4. Optionally, specify whether to clear the color or depth buffer with clear color.

OvrSceneView Example

An example using the OvrSceneView library scene matrices and surface generation follows:

ovrFrameResult OvrApp::Frame( const ovrFrameInput & vrFrame )
    {
    ...

    // fill in the frameresult info for the frame.
    ovrFrameResult res;

    // Let scene construct the view and projection matrices needed for the frame.
    Scene.GetFrameMatrices( vrFrame.FovX, vrFrame.FovY, res.FrameMatrices );

    // Let scene generate the surface list for the frame.
    Scene.GenerateFrameSurfaceList( res.FrameMatrices, res.Surfaces );

    // Initialize the FrameParms.
    FrameParms = vrapi_DefaultFrameParms( app->GetJava(), VRAPI_FRAME_INIT_DEFAULT, vrapi_GetTimeInSeconds(), NULL );
    for ( int eye = 0; eye < VRAPI_FRAME_LAYER_EYE_MAX; eye++ )
    {		
    FrameParms.Layers[0].Textures[eye].ColorTextureSwapChain = vrFrame.ColorTextureSwapChain[eye];
    FrameParms.Layers[0].Textures[eye].DepthTextureSwapChain = vrFrame.DepthTextureSwapChain[eye];
    FrameParms.Layers[0].Textures[eye].TextureSwapChainIndex = vrFrame.TextureSwapChainIndex;

    FrameParms.Layers[0].Textures[eye].TexCoordsFromTanAngles = vrFrame.TexCoordsFromTanAngles;
    FrameParms.Layers[0].Textures[eye].HeadPose = vrFrame.Tracking.HeadPose;
    }

    FrameParms.ExternalVelocity = Scene.GetExternalVelocity();
    FrameParms.Layers[0].Flags = VRAPI_FRAME_LAYER_FLAG_CHROMATIC_ABERRATION_CORRECTION;

    res.FrameParms = (ovrFrameParmsExtBase *) & FrameParms;
    return res;
    }

Custom Rendering Example

First, you need to make sure any immediate GL render calls are represented by an ovrSurfaceDef.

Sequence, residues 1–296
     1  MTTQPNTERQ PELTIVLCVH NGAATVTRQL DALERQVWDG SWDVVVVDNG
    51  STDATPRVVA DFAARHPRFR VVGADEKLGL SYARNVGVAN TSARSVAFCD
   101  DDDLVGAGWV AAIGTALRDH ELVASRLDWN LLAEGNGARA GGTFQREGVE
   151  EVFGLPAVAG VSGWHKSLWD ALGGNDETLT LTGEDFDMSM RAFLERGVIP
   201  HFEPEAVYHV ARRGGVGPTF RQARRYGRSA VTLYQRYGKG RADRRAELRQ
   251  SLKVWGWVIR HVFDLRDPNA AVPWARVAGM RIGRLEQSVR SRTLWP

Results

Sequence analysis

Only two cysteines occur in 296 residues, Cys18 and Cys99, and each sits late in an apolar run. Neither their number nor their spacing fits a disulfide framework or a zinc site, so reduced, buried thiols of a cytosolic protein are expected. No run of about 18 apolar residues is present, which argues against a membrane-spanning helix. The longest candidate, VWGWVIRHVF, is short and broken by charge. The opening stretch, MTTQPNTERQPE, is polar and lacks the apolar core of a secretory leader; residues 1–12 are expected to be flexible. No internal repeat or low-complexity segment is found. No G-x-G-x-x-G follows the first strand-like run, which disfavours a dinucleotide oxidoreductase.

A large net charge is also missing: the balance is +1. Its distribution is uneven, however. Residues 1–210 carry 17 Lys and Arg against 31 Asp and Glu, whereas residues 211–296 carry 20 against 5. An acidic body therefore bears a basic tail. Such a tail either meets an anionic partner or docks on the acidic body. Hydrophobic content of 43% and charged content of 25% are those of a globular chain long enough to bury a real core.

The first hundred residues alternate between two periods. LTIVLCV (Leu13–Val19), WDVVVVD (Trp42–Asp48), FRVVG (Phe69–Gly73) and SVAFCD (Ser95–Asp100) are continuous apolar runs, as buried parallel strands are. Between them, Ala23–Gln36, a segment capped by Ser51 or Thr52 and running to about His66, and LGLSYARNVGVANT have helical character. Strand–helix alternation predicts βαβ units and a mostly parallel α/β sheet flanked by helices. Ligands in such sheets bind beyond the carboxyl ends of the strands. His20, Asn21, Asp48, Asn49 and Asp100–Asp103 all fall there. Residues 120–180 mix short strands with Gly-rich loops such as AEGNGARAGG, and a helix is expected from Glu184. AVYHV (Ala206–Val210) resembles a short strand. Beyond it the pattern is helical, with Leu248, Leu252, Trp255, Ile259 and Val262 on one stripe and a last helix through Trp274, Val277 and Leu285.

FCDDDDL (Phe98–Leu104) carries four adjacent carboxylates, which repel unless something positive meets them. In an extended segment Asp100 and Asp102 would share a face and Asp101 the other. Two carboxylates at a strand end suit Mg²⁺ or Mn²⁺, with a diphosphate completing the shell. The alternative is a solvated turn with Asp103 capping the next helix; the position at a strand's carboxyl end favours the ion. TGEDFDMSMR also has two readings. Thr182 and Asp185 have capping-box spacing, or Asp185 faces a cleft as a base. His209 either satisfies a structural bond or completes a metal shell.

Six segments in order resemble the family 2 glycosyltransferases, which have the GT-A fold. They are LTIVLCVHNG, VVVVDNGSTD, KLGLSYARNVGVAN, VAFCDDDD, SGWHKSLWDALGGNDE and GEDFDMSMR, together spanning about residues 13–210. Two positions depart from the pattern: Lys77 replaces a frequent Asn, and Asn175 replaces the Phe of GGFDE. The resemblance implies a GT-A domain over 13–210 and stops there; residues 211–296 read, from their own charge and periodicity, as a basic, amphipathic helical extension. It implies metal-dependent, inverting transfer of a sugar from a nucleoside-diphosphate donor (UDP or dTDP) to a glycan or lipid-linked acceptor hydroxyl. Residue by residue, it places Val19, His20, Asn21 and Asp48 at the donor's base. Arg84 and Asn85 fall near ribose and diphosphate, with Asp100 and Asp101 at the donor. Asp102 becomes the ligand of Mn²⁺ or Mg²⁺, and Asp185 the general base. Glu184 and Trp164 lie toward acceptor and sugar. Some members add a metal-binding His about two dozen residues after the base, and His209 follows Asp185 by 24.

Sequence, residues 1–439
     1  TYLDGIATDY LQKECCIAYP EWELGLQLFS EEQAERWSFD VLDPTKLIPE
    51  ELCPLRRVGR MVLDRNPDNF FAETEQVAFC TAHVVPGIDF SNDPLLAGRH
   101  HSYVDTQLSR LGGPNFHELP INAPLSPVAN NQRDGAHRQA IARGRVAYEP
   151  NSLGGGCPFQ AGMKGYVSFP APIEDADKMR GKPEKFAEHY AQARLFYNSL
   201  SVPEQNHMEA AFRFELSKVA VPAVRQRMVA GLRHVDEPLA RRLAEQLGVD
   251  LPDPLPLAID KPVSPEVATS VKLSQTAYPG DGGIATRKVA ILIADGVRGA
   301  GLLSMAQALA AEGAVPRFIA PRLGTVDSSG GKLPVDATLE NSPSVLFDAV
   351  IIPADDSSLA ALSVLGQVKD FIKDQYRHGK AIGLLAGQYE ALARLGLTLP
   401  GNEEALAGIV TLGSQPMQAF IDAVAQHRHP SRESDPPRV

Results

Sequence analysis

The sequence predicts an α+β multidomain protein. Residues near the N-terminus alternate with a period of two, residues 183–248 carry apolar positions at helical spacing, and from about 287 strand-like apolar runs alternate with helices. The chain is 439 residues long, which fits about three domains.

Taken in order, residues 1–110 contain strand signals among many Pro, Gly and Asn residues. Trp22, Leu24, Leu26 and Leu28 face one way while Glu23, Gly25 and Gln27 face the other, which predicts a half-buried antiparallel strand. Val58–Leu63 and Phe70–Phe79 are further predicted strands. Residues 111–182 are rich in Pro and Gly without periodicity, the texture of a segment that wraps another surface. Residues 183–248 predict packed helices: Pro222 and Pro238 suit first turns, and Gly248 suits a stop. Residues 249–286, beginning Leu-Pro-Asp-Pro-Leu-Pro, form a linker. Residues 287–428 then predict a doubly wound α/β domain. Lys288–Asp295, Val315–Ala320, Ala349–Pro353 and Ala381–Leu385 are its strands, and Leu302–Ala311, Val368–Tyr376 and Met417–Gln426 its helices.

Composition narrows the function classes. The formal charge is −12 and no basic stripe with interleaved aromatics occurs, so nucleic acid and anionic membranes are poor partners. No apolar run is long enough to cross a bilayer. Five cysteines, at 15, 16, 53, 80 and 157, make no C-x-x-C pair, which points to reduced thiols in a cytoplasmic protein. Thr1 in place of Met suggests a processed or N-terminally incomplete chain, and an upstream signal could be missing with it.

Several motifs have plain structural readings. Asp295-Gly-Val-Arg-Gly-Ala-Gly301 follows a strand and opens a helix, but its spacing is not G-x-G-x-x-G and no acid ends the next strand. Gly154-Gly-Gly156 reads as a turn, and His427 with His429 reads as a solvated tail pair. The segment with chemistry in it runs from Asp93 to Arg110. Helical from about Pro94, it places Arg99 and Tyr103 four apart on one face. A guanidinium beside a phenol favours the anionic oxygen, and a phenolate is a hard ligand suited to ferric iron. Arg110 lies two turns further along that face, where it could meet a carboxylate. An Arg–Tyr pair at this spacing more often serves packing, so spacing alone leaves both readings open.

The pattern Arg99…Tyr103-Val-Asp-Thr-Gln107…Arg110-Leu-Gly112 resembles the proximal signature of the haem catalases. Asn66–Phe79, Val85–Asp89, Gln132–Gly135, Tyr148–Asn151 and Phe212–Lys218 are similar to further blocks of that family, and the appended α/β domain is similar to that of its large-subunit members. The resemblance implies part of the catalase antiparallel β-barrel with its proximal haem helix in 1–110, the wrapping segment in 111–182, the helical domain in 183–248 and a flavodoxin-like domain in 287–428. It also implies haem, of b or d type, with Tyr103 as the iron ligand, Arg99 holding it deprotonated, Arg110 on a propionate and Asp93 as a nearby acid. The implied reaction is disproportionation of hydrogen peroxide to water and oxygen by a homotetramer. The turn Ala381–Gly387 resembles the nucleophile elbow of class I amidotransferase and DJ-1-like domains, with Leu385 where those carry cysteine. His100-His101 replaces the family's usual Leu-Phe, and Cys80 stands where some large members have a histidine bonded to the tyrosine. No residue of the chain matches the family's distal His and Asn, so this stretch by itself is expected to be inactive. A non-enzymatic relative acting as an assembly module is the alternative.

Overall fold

In the DrawEyeView path, custom surface rendering was typically done by issuing immediate GL calls.

    glActiveTexture( GL_TEXTURE0 );
    glBindTexture( GL_TEXTURE_2D, BackgroundTexId );

    glDisable( GL_DEPTH_TEST );
    glDisable( GL_CULL_FACE );

    GlProgram & prog = BgTexProgram;
    glUseProgram( prog.Program );
    glUniform4f( prog.uColor, 1.0f, 1.0f, 1.0f, 1.0f );
    glBindVertexArray( globeGeometry.vertexArrayObject );
    glDrawElements( globeGeometry.primitiveType, globeGeometry.indexCount, globeGeometry.IndicesType, NULL );
    glUseProgram( 0 );

    glActiveTexture( GL_TEXTURE0 );
    glBindTexture( GL_TEXTURE_2D, 0 );

Instead, with the multiview compliant path, an ovrSurfaceDef and GlProgram would be defined at initialization time as follows:

static ovrProgramParm BgTexProgParms[] =
    {
    { "Texm",		ovrProgramParmType::FLOAT_MATRIX4		},
    { "UniformColor",	ovrProgramParmType::FLOAT_VECTOR4		},
    { "Texture0",	ovrProgramParmType::TEXTURE_SAMPLED	},
    };
    BgTexProgram= GlProgram::Build( BgTexVertexShaderSrc, BgTexFragmentShaderSrc, BgTexProgParms, sizeof( BgTexProgParms) / sizeof( ovrProgramParm ) );

    GlobeSurfaceDef.surfaceName = "Globe";
    GlobeSurfaceDef.geo = BuildGlobe();
    GlobeSurfaceDef.graphicsCommand.Program = BgTexProgram;
    GlobeSurfaceDef.graphicsCommand.GpuState.depthEnable = false;
    GlobeSurfaceDef.graphicsCommand.GpuState.cullEnable = false;
    GlobeSurfaceDef.graphicsCommand.UniformData[0].Data = &BackGroundTexture;
    GlobeSurfaceDef.graphicsCommand.UniformData[1].Data = &GlobeProgramColor;

At frame time, the uniform values can be updated, changes to the GpuState can be made, and the surfaces can be added to the render surface list.

Note: This manner of uniform parameter setting requires the application to maintain storage for the uniform data. Future SDKs will provide helper functions for setting up uniform parameters and materials.

An example of setting up FrameResult using custom rendering follows:

ovrFrameResult OvrApp::Frame( const ovrFrameInput & vrFrame )
    {
    ...

    // fill in the frameresult info for the frame.
    ovrFrameResult res;

    // calculate the scene matrices for the frame.
    res.FrameMatrices.CenterView = vrapi_GetCenterEyeViewMatrix( &app->GetHeadModelParms(), &vrFrame.Tracking, NULL );
    for ( int eye = 0; eye < VRAPI_FRAME_LAYER_EYE_MAX; eye++ )
    {